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Old 07-10-10, 04:27 AM   #1
TurbineBlade
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Weird 22-32-44 crankset question

Hey. I am noticing on my SLX crankset that I tend to use the 32t ring with most of the cogs on the outside of my cassette, which basically means I am running that small ring with correspondingly small cogs -- which might explain why I'm not getting great chain life. (Note: it's a mountain crankset being used on a surly LHT)

Question: Is it at all smart to move the 44t onto the middle position and run this triple as a 22-44 double? I would imagine the front derailleur (the SLX made for the crankset) would shift just about the same, but I thought this might cause problems I'm not considering or something......could I use the outer ring position for a bash guard?

Thanks,
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Old 07-10-10, 06:25 AM   #2
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Do you have the 44-tooth ring installed now? Why not just shift into it?

Otherwise, your idea is interesting. You'd just have to try it out and see, imho.
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Old 07-10-10, 06:46 AM   #3
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Yeah, I have the ring and could just shift to it. I was thinking along the lines of having it in the middle position to get better chainline.

I just tried it and it doesn't quite work with the SLX because of the way the rings are machined. The 44 in the middle lines (the bolts) up too closely to the 22 granny ring and I would imagine I'll get chain rub.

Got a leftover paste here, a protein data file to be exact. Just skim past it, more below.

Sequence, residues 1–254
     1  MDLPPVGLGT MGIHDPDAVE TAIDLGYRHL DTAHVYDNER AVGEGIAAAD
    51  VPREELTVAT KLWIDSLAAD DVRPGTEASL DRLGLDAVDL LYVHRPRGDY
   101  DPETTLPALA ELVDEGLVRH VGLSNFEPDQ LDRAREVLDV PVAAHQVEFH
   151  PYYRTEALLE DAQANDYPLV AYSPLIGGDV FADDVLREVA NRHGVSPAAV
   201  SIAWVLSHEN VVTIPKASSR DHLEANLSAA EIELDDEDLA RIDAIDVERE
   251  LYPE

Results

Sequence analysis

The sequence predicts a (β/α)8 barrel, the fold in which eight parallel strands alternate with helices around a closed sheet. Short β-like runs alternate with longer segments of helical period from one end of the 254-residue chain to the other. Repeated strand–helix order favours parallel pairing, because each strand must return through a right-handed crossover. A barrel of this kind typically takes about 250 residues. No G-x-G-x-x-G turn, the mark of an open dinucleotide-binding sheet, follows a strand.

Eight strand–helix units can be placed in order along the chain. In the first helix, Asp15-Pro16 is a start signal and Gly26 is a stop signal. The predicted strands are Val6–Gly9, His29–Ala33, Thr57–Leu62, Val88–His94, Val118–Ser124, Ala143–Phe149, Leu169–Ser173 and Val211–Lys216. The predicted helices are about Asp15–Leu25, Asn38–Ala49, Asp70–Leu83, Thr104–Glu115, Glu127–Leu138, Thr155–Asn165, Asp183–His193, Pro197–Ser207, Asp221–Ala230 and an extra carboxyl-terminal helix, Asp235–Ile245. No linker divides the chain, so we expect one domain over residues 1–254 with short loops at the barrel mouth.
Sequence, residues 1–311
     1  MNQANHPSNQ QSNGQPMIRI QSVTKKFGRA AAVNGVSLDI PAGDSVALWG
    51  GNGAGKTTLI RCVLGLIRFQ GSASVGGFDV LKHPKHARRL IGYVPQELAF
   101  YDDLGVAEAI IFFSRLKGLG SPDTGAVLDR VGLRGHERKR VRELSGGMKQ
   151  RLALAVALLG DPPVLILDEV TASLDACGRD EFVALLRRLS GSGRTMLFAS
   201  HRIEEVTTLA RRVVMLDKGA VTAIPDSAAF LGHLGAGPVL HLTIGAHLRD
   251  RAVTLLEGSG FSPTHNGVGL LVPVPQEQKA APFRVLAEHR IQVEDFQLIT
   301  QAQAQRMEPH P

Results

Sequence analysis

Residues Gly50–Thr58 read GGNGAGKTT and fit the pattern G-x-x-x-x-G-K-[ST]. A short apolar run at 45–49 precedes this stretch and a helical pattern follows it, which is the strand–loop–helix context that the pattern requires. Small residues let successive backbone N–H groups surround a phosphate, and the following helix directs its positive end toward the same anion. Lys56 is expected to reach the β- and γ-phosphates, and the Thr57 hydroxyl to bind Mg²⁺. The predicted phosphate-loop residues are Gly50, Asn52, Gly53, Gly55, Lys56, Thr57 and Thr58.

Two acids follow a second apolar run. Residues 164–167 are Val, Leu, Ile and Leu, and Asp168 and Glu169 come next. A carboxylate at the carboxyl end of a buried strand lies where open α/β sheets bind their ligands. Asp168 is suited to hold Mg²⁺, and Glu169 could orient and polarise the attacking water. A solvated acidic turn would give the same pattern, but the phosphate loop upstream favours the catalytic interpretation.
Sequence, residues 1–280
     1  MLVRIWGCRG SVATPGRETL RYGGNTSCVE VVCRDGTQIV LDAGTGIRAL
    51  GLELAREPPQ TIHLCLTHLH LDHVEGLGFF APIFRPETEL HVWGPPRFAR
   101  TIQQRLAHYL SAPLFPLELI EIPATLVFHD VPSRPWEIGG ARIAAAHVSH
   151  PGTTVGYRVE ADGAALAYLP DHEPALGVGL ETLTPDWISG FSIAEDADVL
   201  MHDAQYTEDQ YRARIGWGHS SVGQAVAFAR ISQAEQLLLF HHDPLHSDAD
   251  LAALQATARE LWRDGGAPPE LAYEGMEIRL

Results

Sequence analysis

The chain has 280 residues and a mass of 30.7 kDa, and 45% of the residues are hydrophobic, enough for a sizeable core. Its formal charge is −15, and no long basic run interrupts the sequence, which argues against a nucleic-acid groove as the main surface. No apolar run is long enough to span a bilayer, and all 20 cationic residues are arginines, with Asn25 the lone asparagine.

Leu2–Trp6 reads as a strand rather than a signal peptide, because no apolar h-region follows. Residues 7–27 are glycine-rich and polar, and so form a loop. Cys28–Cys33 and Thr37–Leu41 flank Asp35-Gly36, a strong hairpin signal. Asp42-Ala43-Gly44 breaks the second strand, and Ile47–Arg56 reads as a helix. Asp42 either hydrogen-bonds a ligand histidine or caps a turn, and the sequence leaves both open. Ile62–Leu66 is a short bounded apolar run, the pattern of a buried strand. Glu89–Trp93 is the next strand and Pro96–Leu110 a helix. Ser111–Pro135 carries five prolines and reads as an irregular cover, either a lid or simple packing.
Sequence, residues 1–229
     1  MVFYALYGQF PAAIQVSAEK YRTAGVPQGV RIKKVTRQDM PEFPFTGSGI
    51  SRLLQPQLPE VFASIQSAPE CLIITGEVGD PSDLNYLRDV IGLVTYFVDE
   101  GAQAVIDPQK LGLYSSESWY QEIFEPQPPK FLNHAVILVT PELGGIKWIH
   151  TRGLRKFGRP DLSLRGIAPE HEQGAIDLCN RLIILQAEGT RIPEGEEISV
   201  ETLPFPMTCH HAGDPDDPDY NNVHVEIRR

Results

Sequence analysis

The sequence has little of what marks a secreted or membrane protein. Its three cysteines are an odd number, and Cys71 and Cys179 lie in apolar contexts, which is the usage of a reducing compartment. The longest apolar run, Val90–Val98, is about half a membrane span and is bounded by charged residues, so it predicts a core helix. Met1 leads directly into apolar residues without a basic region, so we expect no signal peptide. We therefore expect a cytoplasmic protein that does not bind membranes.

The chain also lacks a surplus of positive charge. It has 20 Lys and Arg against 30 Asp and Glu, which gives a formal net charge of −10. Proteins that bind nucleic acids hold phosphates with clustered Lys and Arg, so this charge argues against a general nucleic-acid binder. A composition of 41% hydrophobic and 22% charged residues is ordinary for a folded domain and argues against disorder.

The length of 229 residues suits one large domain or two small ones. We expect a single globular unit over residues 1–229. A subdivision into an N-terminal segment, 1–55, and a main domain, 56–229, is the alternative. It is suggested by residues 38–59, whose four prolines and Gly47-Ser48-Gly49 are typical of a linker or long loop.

Worth a tinkering try though
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Old 07-10-10, 07:05 AM   #4
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I've never understood why some riders insist on using a given chainring when another they already have would work better. Use the 44T ring with the appropriate cogs and get better chain and cog life. Chainline isn't that critical unless it's way off and, as you said, your chain life is already very poor so using the 44T will only make it better.
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Old 07-10-10, 08:47 AM   #5
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I'm sorry, I don't understand what you hope to gain. As you say, you use the 32t with the outer cassette sprockets indicating that these are favored ratios. How would getting rid of them do you any good? Consider replacing the 44t ring with a bashguard and keeping the 32t, or if you need higher ratios, consider whether you use the 44t with the outermost sprockets.

If you are not using your highest gears - the 44t with the smallest few sprockets - calculate the ratio of the highest gear you do use, and figure what size chainring would duplicate that with the smallest. Odds are you'll find that replacing both the 32t and 44t with something in between like a 38t will give the most usable spread of gears you actually use, and still leave room for a bashguard.
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Old 07-10-10, 09:10 AM   #6
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I agree with FBinNY. ditch that 32 and get a 38t atleast. I never understood these compact cranks. on my MTB with a 28, 38, 48 and a 12-28 in the back the 38 ring was perfect for almost everything.

what advantage does a 22, 32, 44 with a 12 (or 11) 26 give you?
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Old 07-10-10, 10:12 AM   #7